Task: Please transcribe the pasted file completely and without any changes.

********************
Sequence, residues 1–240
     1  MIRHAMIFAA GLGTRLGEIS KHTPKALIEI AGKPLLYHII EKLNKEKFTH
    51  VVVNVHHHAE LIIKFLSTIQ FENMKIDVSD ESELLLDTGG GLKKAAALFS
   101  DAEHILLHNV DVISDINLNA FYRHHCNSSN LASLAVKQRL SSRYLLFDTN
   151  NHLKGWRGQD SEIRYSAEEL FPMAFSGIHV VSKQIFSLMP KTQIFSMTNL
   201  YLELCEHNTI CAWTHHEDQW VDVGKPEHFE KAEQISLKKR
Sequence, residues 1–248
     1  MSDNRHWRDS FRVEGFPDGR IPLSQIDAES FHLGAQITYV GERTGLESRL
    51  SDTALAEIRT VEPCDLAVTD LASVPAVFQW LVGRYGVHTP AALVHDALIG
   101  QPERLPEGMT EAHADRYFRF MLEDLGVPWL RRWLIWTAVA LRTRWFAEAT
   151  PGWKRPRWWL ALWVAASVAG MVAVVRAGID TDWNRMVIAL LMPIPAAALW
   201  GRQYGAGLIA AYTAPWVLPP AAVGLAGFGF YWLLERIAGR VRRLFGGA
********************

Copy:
Sequence, residues 1–240
     1  MIRHAMIFAA GLGTRLGEIS KHTPKALIEI AGKPLLYHII EKLNKEKFTH
    51  VVVNVHHHAE LIIKFLSTIQ FENMKIDVSD ESELLLDTGG GLKKAAALFS
   101  DAEHILLHNV DVISDINLNA FYRHHCNSSN LASLAVKQRL SSRYLLFDTN
   151  NHLKGWRGQD SEIRYSAEEL FPMAFSGIHV VSKQIFSLMP KTQIFSMTNL
   201  YLELCEHNTI CAWTHHEDQW VDVGKPEHFE KAEQISLKKR
Sequence, residues 1–248
     1  MSDNRHWRDS FRVEGFPDGR IPLSQIDAES FHLGAQITYV GERTGLESRL
    51  SDTALAEIRT VEPCDLAVTD LASVPAVFQW LVGRYGVHTP AALVHDALIG
   101  QPERLPEGMT EAHADRYFRF MLEDLGVPWL RRWLIWTAVA LRTRWFAEAT
   151  PGWKRPRWWL ALWVAASVAG MVAVVRAGID TDWNRMVIAL LMPIPAAALW
   201  GRQYGAGLIA AYTAPWVLPP AAVGLAGFGF YWLLERIAGR VRRLFGGA